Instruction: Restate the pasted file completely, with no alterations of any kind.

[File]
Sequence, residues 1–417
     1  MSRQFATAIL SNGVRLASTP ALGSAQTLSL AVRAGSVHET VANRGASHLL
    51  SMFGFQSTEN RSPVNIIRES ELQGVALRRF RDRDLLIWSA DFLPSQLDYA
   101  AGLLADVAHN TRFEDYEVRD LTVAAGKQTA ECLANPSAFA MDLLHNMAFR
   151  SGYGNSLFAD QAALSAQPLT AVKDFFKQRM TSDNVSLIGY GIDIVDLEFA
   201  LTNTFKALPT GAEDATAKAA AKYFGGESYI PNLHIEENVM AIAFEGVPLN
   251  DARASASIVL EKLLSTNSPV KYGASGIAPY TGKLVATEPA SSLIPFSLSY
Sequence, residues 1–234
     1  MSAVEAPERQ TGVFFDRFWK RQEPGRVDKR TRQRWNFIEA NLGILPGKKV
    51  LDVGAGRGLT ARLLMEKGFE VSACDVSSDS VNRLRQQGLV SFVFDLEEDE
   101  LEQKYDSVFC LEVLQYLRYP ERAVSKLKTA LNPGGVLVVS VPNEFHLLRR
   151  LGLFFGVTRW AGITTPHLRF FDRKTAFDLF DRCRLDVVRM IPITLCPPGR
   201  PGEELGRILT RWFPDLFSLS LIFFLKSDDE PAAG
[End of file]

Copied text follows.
Sequence, residues 1–417
     1  MSRQFATAIL SNGVRLASTP ALGSAQTLSL AVRAGSVHET VANRGASHLL
    51  SMFGFQSTEN RSPVNIIRES ELQGVALRRF RDRDLLIWSA DFLPSQLDYA
   101  AGLLADVAHN TRFEDYEVRD LTVAAGKQTA ECLANPSAFA MDLLHNMAFR
   151  SGYGNSLFAD QAALSAQPLT AVKDFFKQRM TSDNVSLIGY GIDIVDLEFA
   201  LTNTFKALPT GAEDATAKAA AKYFGGESYI PNLHIEENVM AIAFEGVPLN
   251  DARASASIVL EKLLSTNSPV KYGASGIAPY TGKLVATEPA SSLIPFSLSY
Sequence, residues 1–234
     1  MSAVEAPERQ TGVFFDRFWK RQEPGRVDKR TRQRWNFIEA NLGILPGKKV
    51  LDVGAGRGLT ARLLMEKGFE VSACDVSSDS VNRLRQQGLV SFVFDLEEDE
   101  LEQKYDSVFC LEVLQYLRYP ERAVSKLKTA LNPGGVLVVS VPNEFHLLRR
   151  LGLFFGVTRW AGITTPHLRF FDRKTAFDLF DRCRLDVVRM IPITLCPPGR
   201  PGEELGRILT RWFPDLFSLS LIFFLKSDDE PAAG